And by roosters, I was referring to the Aliens. The Aliens were always portrayed as pinnacles of evolution, the perfect hunters. Here, they fill the environment like swarms of headless chickens that you effortlessly swoosh away with a broom. They pose no threat and they pose no challenge. On the defense, the AI is just as bad. Your teammates shit bullets into thin air completely unaware of their surroundings. What’s worse is that playing co-op doesn’t replace the partner AI, but “adds” team players to the crew so you’re left with overcrowded corridors, making the co-op experience even more disappointing.
I know that graphics don’t make a game, but a title of this caliber should offer something beyond flat textures and unbearable screen tearing. The game started development over a decade ago and I’m shocked that the engine hasn’t been polished since. There are some nice lighting effects here and there but the rest is just plain ugly, particularly the stiff characters. But the real crime here is in the form of poor concept design. Levels look repetitive and derivative. The lack of variety makes the already bland experience an even greater chore.
Multiplayer could have bee the title’s saving grace, but even there you won’t find too many redeeming qualities. You’re offered four modes: Team Deathmatch, Extermination, Escape, and Survivor. Escape mode lets you take control of the Xenos, but their awkward stiff movement makes you feel unfairly underpowered when facing the Marines. The rest is your standard fair and might give you a few extra hours of gameplay, but the multiplayer doesn’t stand a chance against the plethora of better offerings on the FPS market.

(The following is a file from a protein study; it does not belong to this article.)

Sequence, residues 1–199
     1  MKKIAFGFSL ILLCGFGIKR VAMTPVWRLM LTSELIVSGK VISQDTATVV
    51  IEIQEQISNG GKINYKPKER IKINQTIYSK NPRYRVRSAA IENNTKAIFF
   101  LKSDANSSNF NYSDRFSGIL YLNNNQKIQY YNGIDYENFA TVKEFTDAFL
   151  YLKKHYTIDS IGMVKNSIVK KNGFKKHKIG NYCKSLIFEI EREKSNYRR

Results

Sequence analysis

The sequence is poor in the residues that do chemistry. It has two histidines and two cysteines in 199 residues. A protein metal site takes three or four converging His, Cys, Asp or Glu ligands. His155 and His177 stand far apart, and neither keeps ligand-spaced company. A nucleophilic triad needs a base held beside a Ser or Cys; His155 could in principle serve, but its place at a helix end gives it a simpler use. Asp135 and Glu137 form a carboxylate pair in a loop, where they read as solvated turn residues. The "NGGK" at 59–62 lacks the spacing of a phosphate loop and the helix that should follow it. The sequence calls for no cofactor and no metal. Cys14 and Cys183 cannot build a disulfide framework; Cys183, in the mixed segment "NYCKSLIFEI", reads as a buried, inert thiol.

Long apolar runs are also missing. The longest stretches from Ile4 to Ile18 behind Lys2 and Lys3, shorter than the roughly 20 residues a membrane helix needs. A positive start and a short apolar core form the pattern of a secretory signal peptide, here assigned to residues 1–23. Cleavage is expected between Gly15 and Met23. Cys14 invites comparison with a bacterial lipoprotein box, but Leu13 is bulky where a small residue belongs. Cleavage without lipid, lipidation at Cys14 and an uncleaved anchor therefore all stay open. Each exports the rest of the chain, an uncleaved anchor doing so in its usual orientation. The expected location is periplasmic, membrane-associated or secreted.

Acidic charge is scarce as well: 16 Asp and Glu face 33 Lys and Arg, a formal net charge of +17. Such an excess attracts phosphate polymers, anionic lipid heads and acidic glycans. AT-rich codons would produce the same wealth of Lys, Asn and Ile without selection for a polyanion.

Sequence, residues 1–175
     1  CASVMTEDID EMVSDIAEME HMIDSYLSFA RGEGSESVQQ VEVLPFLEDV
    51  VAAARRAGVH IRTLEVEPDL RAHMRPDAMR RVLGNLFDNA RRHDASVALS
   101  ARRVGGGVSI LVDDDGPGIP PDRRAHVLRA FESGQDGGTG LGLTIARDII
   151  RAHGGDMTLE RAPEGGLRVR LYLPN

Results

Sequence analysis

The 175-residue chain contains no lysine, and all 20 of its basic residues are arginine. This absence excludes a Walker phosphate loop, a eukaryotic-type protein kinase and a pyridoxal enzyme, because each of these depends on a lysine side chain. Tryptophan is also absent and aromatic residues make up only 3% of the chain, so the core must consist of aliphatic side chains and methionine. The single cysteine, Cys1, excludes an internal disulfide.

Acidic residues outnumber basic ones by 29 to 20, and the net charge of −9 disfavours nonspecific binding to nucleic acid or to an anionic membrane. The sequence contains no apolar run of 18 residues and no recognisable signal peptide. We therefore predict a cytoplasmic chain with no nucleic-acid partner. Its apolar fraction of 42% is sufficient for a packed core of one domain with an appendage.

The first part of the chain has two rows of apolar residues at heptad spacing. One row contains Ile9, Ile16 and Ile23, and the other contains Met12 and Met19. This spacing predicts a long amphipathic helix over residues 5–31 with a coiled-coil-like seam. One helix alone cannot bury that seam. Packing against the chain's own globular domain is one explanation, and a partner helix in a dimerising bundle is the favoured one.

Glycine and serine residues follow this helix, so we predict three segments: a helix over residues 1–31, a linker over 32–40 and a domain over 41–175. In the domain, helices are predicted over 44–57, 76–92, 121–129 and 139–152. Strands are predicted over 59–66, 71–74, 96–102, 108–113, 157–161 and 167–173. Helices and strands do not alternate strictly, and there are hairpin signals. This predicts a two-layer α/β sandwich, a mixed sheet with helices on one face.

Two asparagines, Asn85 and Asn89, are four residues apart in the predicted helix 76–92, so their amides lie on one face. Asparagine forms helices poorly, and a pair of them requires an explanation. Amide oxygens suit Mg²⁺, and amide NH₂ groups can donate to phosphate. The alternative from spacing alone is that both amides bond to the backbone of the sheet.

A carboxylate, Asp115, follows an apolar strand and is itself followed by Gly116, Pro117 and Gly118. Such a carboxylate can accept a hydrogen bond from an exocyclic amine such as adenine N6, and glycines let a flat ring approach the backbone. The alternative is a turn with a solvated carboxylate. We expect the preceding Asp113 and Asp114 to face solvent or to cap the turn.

As a generic FPS, Aliens Colonial Marines just barely passes all the checkpoints of being a playable game. It’s heartbreakingly shallow, soulless and doesn’t deserve the merit of being associated with the fantastic franchise. If you are a hardcore fan, you might want to give this a rental or wait until it’s in the 5$ bargain bin, but as it stands, it’s the biggest disappointment of 2013 so far.
|Final Score||“A Massive Dissapointment”||4.5|
Aside from some really nice lighting, the game looks extremely dated. Bland textures, unbearable screen tearing, choppy animations, and so on. It's a mess by today's standards.
It's criminally bland, monotonous, and repetitive. The gaemeplay fails in nearly every department and the poor level designs only make things worse.
You can beat the single player in one sitting and there isn't a single reason to go back. Co-op is even worse and the Multiplayer…..well let's just say you can't polish a turd.
Lance Henriksen is solid and so is the occasional orchestral soundtrack…but the rest of the crew sound terrible and the guns sound like popcorn.
Review by Tin Salamunic
Tin Salamunic is the founder of The Game Scouts. He is a Video Game Journalist during the day and illustrator by night. He's been obsessed with video games since the early NES days, collecting every major system and game on the market. Video games are the reason he pursued the illustration career and he hopes to be creative director for a video game company one day. All Artciles by Tin.